# yum group install "Development Tools"
# yum install kernel-devel
# yum install epel-release
# yum install dkms

Disable Noveau Drivers

Disable nouveau driver by changing the configuration /etc/default/grub file. Add the nouveau.modeset=0 into line starting with GRUB_CMDLINE_LINUX. This will disable the noveau driver after the reboot.

GRUB_TIMEOUT=5
GRUB_DISTRIBUTOR="$(sed 's, release .*$,,g' /etc/system-release)"
GRUB_DEFAULT=saved
GRUB_DISABLE_SUBMENU=true
GRUB_TERMINAL_OUTPUT="console"
GRUB_CMDLINE_LINUX="crashkernel=auto rhgb quiet nouveau.modeset=0"
GRUB_DISABLE_RECOVERY="true"

Modifying the Grub.cfg

For BIOS User,

# grub2-mkconfig -o /boot/grub2/grub.cfg
Generating grub configuration file ...
Found linux image: /boot/vmlinuz-3.10.0-957.5.1.el7.x86_64
Found initrd image: /boot/initramfs-3.10.0-957.5.1.el7.x86_64.img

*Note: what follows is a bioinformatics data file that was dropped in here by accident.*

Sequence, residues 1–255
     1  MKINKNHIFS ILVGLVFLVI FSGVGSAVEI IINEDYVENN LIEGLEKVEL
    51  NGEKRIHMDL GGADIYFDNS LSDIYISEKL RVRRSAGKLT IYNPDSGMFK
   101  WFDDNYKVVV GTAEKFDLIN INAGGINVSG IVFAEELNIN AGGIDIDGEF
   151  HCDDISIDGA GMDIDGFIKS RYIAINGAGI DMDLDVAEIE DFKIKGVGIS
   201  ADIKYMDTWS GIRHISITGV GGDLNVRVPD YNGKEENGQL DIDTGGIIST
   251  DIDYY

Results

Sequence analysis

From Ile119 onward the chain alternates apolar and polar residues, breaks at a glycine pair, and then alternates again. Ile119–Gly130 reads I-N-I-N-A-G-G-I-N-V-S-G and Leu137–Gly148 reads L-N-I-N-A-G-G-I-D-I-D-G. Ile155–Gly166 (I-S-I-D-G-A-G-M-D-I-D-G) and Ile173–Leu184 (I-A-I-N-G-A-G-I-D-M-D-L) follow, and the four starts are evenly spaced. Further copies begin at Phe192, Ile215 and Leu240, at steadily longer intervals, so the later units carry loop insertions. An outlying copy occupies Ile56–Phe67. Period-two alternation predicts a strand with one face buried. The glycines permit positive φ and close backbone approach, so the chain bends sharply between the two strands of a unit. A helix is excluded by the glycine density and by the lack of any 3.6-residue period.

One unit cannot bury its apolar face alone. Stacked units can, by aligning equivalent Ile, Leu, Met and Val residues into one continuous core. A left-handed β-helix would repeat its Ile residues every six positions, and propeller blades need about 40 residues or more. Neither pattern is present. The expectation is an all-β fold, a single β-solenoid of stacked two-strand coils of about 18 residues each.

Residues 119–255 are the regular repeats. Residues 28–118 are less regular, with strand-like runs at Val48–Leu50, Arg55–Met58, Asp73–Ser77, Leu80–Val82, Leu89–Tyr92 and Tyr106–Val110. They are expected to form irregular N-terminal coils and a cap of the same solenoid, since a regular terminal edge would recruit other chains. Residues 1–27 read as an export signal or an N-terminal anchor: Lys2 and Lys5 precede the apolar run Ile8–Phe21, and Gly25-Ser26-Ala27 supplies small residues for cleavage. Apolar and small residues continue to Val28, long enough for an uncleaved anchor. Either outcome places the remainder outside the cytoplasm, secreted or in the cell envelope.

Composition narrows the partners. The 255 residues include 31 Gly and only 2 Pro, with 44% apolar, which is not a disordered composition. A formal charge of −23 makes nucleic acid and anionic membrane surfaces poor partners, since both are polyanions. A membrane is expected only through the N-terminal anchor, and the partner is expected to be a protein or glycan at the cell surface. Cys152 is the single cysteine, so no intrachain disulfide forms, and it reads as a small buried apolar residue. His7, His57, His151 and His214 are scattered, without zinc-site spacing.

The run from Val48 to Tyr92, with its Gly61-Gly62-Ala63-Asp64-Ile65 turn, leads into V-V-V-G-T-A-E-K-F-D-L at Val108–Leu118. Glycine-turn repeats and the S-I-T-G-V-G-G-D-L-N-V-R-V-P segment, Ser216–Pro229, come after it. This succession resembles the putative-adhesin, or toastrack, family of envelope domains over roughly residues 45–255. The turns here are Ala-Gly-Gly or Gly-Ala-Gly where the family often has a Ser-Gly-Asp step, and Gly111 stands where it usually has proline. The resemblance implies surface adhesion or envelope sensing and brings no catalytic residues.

Found linux image: /boot/vmlinuz-3.10.0-957.el7.x86_64
Found initrd image: /boot/initramfs-3.10.0-957.el7.x86_64.img
Found linux image: /boot/vmlinuz-0-rescue-86f557f292e5492aa7ac0bf1cb2670b0
Found initrd image: /boot/initramfs-0-rescue-86f557f292e5492aa7ac0bf1cb2670b0.img
done

For UEFI User

# grub2-mkconfig -o /boot/efi/EFI/redhat/grub.cfg

Switch CentOS from GUI to Text Mode

First switch to Text Mode

# systemctl isolate multi-user.target

Installing the Nvidia Driver on CentOS 7

# bash NVIDIA-Linux-x86_64-*

Reboot the System

# reboot

Finally, run the command nvidia-settings to check and configure

# nvidia-settings

References

Top 10 videos from Red Hat Developer

Podman: A Linux tool for working with containers and pods Get started with Podman, an open source, Linux-based tool that builds Docker-compatible container images.